The Winkie's explained

Exclusively reserved for discussion regarding David Lynch's 'Mulholland Dr.'
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Coffee Cup
 
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Re: The Winkie's explained

Postby Coffee Cup » 11 Jun 2015

Xav wrote:Bravo Herb ! I think you did a magnificent job. Just checked some figures myself on my Mac and VLC to run the movie (avi-file, frame-rate = 23.976024).

Start of the movie read 21, end of the movie 8808. This makes the runtime 8787 seconds.
The Winkie's scene starts at 720 and ends at 1016, making it last 296 seconds. Reality = going downstairs , at 956 and Death/wall at 1000.
This results into R = 79.9% and D = 94.6 % in the Winkie's scene.
And R = 7022, which is 79.7% and D = 8303, which is 94.3 % in the movie itself.

Pretty good, don't you think !?

Thanks and well done, Herb.


Well done? You come up with 8787 and the OP comes up with 8433. That's a difference of nearly 6 minutes of movie time.

When I press play, the counter on my DVD player starts. At the very end of the movie after all the closing credits have finished, a "Mulholland Drive" logo is the last thing shown on the screen.

At that spot, the counter says 02:26:45.

That equals 8805 seconds. Keep in mind, that's not from the Studio Canal logo; it includes EVERYTHING: 22 seconds of time for the Universal Studios clip, the Studio Canal logo, and all closing credits to the very end (Well past the end of the movie itself). So how is it that you come up with 8808 if you're starting from the Studio Canal logo??

The stairs show up at 3 minutes and 56 seconds into the winkies scene (236 seconds). This is equal to spot 01:53:00 in the movie (236x28.73 = 6780 seconds, which equals 113 minutes which is 1 hour and 53 minutes into the movie).

At 1 hour and 53 minutes into the movie, Betty and Diane are in the courtyard at Havenhurst coming home from Silencio. The cowboy doesn't show up for another 3 minutes and 40 seconds later to say, "Hey pretty girl. Time to wake up."

These things just aren't lining up the way you guys say they are.

Maybe it would be better if you guys used the stock suggested time for the movie length which is 2 hours 27 minutes. If you do that, the cowboy shows up right on time in line with the stairs.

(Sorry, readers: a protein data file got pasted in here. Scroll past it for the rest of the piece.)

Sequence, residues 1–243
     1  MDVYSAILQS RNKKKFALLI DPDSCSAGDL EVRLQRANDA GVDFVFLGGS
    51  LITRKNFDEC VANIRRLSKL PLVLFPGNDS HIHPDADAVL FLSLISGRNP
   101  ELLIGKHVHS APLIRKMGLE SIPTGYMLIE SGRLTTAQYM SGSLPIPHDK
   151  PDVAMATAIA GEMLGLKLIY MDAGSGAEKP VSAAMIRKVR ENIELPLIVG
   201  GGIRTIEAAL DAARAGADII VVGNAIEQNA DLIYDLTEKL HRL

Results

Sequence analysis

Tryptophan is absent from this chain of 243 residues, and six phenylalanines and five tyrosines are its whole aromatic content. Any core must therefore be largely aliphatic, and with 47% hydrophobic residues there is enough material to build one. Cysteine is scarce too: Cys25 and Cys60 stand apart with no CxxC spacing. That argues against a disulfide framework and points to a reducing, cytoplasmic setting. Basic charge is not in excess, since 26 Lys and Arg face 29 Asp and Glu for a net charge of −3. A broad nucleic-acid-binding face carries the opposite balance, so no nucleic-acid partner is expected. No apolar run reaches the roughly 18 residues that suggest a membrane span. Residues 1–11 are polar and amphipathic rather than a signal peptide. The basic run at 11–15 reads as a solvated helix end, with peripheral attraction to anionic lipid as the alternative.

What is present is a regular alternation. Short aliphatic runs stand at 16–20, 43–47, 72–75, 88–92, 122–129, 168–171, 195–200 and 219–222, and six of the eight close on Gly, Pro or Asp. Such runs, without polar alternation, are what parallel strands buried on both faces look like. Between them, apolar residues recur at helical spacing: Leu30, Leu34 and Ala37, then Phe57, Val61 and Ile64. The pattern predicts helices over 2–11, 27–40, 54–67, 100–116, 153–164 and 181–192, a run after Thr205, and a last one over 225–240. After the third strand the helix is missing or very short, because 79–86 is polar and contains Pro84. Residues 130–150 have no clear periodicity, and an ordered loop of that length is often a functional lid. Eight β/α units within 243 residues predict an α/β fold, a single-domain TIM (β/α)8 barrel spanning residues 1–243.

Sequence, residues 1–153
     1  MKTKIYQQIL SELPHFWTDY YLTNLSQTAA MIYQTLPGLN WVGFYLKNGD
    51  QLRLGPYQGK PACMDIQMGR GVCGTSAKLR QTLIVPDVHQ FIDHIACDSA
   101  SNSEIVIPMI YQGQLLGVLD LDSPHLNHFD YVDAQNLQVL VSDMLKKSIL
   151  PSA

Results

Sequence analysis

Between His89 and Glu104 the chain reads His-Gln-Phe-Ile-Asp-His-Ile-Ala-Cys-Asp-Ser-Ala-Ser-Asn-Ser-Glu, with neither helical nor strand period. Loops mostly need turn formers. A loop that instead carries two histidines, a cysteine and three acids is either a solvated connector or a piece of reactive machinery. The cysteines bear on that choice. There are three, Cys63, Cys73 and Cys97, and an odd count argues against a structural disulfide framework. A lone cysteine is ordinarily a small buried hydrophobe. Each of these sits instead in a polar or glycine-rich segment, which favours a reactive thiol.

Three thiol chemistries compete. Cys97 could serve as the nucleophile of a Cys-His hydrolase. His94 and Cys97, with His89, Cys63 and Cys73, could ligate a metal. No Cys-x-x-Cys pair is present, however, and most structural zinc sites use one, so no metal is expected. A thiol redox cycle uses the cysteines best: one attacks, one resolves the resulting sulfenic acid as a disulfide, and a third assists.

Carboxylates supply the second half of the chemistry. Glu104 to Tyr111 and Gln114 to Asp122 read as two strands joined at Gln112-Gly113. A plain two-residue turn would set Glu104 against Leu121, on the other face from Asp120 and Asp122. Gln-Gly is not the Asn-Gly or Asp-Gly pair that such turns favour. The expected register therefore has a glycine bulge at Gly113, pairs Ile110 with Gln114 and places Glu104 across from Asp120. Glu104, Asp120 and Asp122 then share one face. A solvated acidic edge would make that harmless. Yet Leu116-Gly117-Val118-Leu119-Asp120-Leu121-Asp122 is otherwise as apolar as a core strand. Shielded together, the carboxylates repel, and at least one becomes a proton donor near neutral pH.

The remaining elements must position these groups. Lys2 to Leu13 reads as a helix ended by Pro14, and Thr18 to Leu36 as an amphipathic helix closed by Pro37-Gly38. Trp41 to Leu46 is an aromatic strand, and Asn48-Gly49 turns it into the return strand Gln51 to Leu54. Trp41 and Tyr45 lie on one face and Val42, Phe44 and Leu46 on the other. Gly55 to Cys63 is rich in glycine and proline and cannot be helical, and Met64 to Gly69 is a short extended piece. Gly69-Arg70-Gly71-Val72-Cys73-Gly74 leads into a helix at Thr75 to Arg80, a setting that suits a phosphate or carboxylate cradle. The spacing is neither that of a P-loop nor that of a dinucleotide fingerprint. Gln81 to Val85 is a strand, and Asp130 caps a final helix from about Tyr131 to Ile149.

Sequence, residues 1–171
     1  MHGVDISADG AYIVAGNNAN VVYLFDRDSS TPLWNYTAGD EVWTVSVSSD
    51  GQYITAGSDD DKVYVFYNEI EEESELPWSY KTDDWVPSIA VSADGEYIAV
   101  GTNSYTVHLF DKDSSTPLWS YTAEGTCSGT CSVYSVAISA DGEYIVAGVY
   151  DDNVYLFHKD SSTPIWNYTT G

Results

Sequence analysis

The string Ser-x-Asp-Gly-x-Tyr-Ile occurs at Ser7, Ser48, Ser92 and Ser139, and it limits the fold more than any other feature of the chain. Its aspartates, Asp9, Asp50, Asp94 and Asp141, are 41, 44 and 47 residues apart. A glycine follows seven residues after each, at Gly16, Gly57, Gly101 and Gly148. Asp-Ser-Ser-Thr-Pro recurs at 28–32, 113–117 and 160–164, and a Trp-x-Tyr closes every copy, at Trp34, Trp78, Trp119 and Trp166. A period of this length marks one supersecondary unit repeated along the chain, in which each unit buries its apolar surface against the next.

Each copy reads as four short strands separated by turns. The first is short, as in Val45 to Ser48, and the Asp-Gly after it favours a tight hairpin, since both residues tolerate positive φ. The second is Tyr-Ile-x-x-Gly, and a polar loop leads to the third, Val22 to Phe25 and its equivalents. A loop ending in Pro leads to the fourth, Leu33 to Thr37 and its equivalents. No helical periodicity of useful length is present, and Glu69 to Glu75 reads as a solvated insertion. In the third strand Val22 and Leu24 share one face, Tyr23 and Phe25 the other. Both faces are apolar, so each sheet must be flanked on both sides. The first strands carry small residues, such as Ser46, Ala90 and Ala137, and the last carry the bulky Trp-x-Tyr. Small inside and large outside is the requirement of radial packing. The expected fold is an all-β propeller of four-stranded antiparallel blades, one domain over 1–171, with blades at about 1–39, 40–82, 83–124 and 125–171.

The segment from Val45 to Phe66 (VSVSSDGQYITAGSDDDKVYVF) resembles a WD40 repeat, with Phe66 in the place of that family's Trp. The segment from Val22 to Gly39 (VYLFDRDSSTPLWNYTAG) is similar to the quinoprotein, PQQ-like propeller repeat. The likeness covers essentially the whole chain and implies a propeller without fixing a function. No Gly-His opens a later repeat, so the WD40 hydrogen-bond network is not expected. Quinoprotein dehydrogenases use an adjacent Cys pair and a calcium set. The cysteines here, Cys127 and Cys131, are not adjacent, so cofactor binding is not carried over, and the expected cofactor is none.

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Siku
 
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Re: The Winkie's explained

Postby Siku » 11 Jun 2015

So the question is, how much accuracy do you need?

You'll agree that the proportions of dream, reality and death are broadly the same?

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Re: The Winkie's explained

Postby ctyankee » 11 Jun 2015

Herb wrote:
ctyankee wrote:And now let's see what's happen to Diane.
In the first scene (jitterbug), we see the old couple and Betty.
Yes, Betty, as mentionned by the cast in order of appearance.
Image


Betty, indeed. Also, very late in the Jitterbug Contest/Dance, someone calls out her name, "Betty."

Herb wrote:
We know that Betty is Diane's name in her dreams.
So let's think of the first clue that DL gives to us : "Pay particular attention to the beginning of the film: At least two clues are revealed before the credits"
The first clue is that we are seeing a dream, Diane's first dream.
As she sees the old couple, Diane wakes up briefly, we hear the sound of her hard breathing, she's afraid of something (second clue).
Then she's falling into the pillow and begins a new dream (the second one).
In this second dream, she also sees the old couple (airport scene).
And later, just before dying, she's scared by seeing a last time the old couple.

So there's a real connection between the Winkie's and the whole movie.
Dan is Diane's fractal version and the bum is the old couple's fractal version.


1. It is not hard breathing nor do I remember anyone ever suggesting it was hard breathing or scared breathing. Additionally, if you turn the captions on it simply reads "breathing" or "breathing continued." Additionally, there are many, many ideas as to David Lynch's first clues, her breathing in any form is a new one. That doesn't mean it should be dismissed, it means that putting any substance on the idea without more ... a lot more ... has limited merit.